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Faces of CMHA WW: Kim Campbell, Mental Health Clinician


What is involved in your role?

As part of the Support After Suicide Team in Wellington County, I provide support to family, friends or members of the community impacted by a suicide loss working closely with the Peer Navigator, OPP Officer and our Project Team Lead. A loss to suicide is unique in many ways and the bereaved often feel silenced and isolated. We provide immediate outreach and support to family and community impacted, starting with the simple act of holding space for grief. We also provide information, resources and referrals and offer bereavement groups to foster communities of support. As the Mental Health Clinician for the program, I provide grief therapy and trauma therapy where needed.

Why did you become involved in the mental health field?

Two key influences bro0ught me to the field of mental health. The first being the inspiration of my Mother, who was a dedicated mental health professional and the second being our shared family experience of mental health stigma. Understanding Adverse Childhood Experiences (ACEs) as well as Suicide Postvention, are both near and dear to my heart. I have had many intersections in my learning pathway from biopsychology, to adult learning and organizational development and then to systems thinking when I became a Registered Marriage and Family Therapist (a title that is outdated but change is coming!) and Registered Psychotherapist.

Have you always worked in mental health?

No, I worked for a large financial firm for twelve years, mostly in adult learning and organizational development. There, I had the pleasure of helping to develop programs for people managers, provide mentoring and advanced facilitation to support leaders and teams in working more effectively together.

How do you support people in your role?

One person at a time, meeting them where they are at. I focus on connecting with clients to find out what is meaningful and helpful to them in their loss and grief journey. I provide grief and trauma therapy using a number of approaches, including Narrative, Focused Mindfulness, Cognitive Behavioural, attachment-based and creative play therapies. Narratives and writing are a great love for me and I am always exploring ways of expanding stories of grief, healing and resilience when people are interested in writing.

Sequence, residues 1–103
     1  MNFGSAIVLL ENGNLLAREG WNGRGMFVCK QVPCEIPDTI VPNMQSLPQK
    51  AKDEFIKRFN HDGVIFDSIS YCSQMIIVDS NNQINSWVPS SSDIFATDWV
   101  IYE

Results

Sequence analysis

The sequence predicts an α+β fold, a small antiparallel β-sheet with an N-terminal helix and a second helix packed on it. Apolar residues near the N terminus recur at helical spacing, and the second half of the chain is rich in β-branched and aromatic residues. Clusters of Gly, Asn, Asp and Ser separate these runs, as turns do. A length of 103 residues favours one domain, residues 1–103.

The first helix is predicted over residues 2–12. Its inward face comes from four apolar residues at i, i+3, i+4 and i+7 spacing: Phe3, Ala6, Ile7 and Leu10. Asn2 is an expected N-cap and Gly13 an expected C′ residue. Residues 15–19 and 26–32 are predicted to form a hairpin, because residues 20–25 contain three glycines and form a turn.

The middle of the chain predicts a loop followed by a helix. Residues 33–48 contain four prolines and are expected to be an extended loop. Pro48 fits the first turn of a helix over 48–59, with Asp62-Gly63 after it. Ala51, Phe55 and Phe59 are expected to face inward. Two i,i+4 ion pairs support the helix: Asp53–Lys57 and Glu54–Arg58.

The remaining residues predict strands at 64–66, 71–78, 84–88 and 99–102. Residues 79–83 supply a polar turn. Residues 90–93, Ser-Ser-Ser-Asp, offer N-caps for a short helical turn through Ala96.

What are you proud of during your time in your role?

I am most proud of the Support After Suicide Team for the commitment and compassion we bring to this work. I am proud of the places where we have reached in to provide mental health support and suicide prevention where there has not been support before. We have learned a lot on our journey, mostly from our clients, and their incredible stories that they are kind and brave to share with us.

If you are in crisis or wish to discuss whether CMHA has the right service for you, call Here 24/7: 1-844-437-3247 (HERE 247).

Follow the ‘Faces of CMHA’ series for a glimpse into the lives of the people who spend each day at the Canadian Mental Health Association Waterloo Wellington working to inspire and support people to achieve the quality of life they desire. Join our team, click here to view current employment opportunities at CMHA WW.

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